How to pack a healthy lunch for your children

EDUCATING children when they are young on good food choices is one of the best ways you can help them develop healthy-eating habits that would last a lifetime.

This is the advice of Dr Mackenzie Coffin, a pediatrician at Scripps Clinic, Carmel Valley in California.

Lunch time is a critical time for kids in school to get the fuel they need, feed their brains and bodies.

Children need the right foods throughout the day so they can keep learning, growing and achieve their best while in school.

According to Dr Coffin, healthy food will supply the consistent energy they need to last through a school day and also enjoy after school activities.

Here are some tips for packing a healthy school lunch by website

Make healthy eating a habit at home, when children are used to eating foods from the five groups, they are more willing to eat those same foods for lunch anywhere, including school.

Choose foods with a high content of nutrients (protein, minerals and vitamins.)

Involve children in meal preparation including their lunches- this not only empowers children and promotes a feeling of responsibility, but also makes your child more likely to eat the lunch. Keep the pantry stocked with healthy staples and post a list of ideas on the refrigerator from which kids can choose.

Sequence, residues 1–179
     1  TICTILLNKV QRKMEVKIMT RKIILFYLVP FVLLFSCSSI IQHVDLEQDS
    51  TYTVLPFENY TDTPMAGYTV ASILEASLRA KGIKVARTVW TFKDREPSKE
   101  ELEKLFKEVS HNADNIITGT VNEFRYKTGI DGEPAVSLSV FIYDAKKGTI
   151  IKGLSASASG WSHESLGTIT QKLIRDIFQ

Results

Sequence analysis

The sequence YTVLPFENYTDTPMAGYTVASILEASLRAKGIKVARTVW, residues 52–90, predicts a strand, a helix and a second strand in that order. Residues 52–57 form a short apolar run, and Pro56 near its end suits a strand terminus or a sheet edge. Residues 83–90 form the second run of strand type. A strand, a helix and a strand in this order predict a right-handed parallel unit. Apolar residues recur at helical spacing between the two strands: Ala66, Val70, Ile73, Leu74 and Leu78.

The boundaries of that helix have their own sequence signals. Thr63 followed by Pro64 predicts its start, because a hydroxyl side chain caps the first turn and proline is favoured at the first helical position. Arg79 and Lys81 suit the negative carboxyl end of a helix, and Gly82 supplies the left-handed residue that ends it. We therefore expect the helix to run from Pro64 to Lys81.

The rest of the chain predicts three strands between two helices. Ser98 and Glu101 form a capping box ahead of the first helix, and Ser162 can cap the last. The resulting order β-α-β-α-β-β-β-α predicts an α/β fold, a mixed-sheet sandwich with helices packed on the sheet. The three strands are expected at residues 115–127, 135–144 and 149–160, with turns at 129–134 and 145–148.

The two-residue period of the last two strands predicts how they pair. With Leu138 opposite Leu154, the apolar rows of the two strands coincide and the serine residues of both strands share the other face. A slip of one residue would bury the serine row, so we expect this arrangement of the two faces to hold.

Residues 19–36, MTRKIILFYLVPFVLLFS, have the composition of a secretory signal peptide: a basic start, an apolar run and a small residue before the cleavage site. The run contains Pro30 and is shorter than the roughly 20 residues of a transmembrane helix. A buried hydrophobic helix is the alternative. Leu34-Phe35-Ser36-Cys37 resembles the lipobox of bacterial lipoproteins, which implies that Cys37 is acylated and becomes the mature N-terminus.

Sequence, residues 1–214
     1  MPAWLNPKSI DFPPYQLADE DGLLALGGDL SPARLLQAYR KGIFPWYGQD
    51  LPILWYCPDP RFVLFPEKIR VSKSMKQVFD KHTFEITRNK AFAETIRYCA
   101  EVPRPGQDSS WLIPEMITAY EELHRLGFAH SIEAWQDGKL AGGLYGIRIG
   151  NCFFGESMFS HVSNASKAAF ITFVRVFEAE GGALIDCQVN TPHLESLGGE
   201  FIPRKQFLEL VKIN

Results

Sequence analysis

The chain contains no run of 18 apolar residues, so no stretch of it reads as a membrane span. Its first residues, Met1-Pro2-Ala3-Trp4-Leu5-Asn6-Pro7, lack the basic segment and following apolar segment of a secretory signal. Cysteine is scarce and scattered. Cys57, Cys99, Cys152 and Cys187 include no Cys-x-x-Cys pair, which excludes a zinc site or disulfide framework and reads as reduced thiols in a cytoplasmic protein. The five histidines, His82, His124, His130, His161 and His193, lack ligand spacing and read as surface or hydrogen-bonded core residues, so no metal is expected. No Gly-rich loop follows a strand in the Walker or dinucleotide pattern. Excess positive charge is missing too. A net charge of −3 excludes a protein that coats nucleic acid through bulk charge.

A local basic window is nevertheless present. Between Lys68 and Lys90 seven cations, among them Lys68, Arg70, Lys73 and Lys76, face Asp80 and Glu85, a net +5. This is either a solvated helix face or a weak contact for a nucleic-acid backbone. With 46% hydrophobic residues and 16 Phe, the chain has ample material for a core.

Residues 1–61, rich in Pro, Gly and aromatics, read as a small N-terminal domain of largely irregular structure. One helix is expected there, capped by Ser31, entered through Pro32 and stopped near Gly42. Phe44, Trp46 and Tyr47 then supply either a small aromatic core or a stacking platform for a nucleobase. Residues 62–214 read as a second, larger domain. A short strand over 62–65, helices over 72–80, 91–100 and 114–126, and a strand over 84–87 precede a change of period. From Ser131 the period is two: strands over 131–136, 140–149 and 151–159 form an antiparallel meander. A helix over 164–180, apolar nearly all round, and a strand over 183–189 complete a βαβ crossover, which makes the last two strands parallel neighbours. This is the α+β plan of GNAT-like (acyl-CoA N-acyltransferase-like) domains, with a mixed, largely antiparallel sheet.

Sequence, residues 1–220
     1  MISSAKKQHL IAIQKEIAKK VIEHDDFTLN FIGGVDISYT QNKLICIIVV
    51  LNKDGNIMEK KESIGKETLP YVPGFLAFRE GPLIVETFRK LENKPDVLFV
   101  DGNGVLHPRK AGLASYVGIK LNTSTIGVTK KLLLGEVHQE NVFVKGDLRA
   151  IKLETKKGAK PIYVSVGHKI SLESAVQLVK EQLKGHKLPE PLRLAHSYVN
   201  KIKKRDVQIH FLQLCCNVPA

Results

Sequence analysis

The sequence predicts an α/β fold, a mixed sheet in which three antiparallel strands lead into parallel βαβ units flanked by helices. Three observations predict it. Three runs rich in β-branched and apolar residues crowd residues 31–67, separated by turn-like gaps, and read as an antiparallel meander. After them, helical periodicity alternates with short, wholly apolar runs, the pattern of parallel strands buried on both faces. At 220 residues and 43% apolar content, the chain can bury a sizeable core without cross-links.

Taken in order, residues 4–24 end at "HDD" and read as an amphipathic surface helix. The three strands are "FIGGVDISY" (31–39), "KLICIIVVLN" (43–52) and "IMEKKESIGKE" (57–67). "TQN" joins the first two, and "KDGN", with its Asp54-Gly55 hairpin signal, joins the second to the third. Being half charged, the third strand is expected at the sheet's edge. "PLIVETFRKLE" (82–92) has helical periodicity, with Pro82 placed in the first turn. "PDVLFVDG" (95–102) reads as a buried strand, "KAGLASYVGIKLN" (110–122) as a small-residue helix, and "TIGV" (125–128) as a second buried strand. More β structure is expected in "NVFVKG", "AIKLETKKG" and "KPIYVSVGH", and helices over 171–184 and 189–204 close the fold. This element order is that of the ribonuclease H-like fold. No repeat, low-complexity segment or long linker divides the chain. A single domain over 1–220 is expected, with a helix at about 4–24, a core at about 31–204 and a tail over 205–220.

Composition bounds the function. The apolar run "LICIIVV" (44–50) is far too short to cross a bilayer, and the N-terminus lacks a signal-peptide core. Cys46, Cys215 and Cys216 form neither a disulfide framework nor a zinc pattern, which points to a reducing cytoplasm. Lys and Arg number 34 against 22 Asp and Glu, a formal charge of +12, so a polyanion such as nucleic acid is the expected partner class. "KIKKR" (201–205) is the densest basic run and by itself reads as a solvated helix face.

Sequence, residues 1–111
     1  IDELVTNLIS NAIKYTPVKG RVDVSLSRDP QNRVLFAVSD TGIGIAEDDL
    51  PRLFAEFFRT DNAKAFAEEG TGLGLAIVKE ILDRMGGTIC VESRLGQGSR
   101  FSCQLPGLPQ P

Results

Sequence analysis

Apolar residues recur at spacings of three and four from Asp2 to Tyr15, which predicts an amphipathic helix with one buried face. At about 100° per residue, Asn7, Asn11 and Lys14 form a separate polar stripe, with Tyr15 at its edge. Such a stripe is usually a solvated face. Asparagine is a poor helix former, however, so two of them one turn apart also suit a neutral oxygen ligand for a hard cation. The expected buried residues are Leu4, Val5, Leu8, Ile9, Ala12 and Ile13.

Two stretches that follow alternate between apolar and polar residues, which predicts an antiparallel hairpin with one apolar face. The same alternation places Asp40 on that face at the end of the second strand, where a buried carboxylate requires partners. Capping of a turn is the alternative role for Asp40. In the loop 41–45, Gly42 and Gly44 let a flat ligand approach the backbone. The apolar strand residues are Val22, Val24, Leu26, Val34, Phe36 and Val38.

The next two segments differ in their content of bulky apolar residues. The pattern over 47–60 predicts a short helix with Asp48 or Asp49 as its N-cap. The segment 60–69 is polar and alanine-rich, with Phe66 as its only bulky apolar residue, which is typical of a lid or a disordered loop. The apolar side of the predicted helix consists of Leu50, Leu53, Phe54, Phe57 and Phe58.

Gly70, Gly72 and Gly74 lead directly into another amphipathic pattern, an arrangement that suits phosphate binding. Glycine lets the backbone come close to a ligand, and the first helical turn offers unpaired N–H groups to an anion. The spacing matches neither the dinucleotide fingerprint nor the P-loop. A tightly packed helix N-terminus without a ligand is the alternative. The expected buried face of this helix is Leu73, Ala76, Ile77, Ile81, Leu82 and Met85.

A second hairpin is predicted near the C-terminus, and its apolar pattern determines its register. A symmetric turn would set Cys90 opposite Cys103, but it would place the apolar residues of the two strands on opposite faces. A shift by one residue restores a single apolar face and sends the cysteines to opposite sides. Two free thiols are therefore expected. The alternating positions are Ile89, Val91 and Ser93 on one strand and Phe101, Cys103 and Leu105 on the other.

Give kids a choice when packing lunch; ask your child which healthy option they would prefer- such as a banana or strawberries. By giving them a choice, they learn how to compromise and hone their decision making skills.

Mix and match using the five food groups as a guide, toss in whole grain crackers with peanut butter, cut up veggies with hummus. The goal is to have variety, colour and to include three to five of the food groups at each meal.

Turn snack foods into a meal- pack a small serving of cottage cheese with fruit, nuts, dried fruit or trail mix. Include sliced vegetables or even whole grain cereal.

Nix juice and soda as much as kids love drinking soda and juice, water is the best drink for them. Fat-free or one per cent milk is also a good option because it’s packed with calcium and vitamin D juice should be offered in moderation — not every meal.

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